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Today we continue our series highlighting Crisis + Emergency Risk Communication’s (CERC) Psychology of a Crisis resource. Please be sure to check out our other emails based off this resource, 4 Ways People Process Information During a Crisis and Mental States in a Crisis.
In this final email, we will focus on how to address the psychology of a crisis through the CERC Rhythm, which demonstrate how the situation changes during each phase of a crisis and how risk communication can be applied during each phase. Using this framework for crisis communication, we hope you will be more equipped to support individuals through this pandemic and any future crises, generally.
Important information and assumptions are set during the pre-crisis stage even before a crisis occurs. Develop plans and establish open communication during this phase. Provide an open and honest flow of information to the public: Generally, more harm is done by officials trying to avoid panic by withholding information or over-reassuring the public, than is done by the public acting irrationally in a crisis. Pre-crisis planning should assume that you will establish an open and honest flow of information.
During this stage of acute danger, the priority for all is basic safety and survival. The more stress felt in a crisis, the greater the impact on the individual. Important causes of stress include the following:
- Threat to life and encounters with death
- Feelings of powerlessness and helplessness
- Personal loss and dislocation, such as being separated from loved ones or home
- Feelings of being responsible, such as telling oneself “I should be doing more"
- Feelings of facing an inescapable threat
- Feelings of facing malevolence from others, such as deliberate efforts that cause harm
During the initial phase, the following CERC concepts are important:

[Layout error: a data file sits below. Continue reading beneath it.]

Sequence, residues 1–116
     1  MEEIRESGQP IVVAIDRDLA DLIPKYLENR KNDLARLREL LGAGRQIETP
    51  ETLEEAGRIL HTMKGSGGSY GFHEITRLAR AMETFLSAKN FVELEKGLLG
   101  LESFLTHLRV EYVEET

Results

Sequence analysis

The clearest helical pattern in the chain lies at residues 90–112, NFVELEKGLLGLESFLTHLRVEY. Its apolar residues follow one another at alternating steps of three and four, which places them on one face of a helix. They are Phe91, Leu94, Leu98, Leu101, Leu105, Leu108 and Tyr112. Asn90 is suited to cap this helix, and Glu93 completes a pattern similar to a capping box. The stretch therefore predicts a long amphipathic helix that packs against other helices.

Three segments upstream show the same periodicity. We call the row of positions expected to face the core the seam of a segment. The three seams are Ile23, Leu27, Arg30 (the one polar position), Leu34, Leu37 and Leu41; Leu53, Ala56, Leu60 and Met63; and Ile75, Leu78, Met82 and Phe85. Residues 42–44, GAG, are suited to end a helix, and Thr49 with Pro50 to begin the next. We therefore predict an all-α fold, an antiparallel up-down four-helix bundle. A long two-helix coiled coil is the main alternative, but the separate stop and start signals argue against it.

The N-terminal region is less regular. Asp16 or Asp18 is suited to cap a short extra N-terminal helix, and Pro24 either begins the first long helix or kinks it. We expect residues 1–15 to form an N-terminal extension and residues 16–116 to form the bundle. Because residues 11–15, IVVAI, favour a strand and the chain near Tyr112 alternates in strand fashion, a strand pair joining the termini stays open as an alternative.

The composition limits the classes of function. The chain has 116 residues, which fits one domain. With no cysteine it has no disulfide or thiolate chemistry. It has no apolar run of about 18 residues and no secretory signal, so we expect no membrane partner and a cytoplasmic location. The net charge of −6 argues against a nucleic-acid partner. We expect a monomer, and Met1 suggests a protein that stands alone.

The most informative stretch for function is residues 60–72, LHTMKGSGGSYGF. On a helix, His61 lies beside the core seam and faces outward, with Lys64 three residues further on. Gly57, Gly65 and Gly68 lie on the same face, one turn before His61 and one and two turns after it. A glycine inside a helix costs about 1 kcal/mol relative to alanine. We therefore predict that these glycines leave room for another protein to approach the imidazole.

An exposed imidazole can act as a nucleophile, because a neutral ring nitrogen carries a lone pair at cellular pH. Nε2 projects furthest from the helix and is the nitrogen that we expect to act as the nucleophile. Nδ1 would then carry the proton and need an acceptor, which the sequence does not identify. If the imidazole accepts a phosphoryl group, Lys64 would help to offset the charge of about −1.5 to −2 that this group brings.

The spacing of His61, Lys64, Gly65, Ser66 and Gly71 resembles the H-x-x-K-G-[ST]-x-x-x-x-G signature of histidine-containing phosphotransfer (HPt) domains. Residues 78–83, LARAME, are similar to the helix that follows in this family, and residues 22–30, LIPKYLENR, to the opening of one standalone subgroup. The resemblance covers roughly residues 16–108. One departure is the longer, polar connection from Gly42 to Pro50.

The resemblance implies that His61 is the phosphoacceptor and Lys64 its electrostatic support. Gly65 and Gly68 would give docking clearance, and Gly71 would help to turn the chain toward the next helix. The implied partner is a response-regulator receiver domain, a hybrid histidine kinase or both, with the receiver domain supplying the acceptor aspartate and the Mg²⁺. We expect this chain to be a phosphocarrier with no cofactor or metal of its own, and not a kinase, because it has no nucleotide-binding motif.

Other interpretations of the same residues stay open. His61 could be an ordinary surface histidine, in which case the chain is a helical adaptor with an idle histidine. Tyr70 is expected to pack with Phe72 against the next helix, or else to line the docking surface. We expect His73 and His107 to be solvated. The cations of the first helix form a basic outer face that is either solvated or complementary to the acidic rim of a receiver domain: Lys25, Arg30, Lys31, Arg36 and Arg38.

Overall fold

- Don’t over-reassure
- Acknowledge uncertainty
- Emphasize that a process is in place to learn more
- Be consistent in providing messages
During this phase, the crisis magnitude, the concept of personal risk, and the initial steps toward recovery and resolution are in motion. Emotional reactions vary and will depend on perceptions about the risk and the stresses people experienced or anticipated. Once basic survival needs are met, other needs for emotional balance and self-control emerge. People often become frustrated and let down if they are unable to return to more normal conditions. Early selfless responses to the emergency may fall away and be replaced by negative emotions and blame.
The following CERC principles apply to the maintenance phase :
- Acknowledge fears
- Express wishes
- Give people things to do
- Acknowledge shared misery
- Give anticipatory guidance (foreshadow)
When the emergency is no longer on the front page, those who have been most severely affected will continue to have significant emotional needs. Emotional symptoms may present as physical health symptoms such as sleep disturbance, indigestion, or fatigue. They may cause difficulties with interpersonal relationships at home and work. At this point, organized external support often starts to erode and the realities of loss, bureaucratic controls, and permanent life changes come crashing down. To maintain trust and credibility during the resolution phase, keep the expressed commitments from the initial phase. Failures or mistakes should be acknowledged and carefully explained.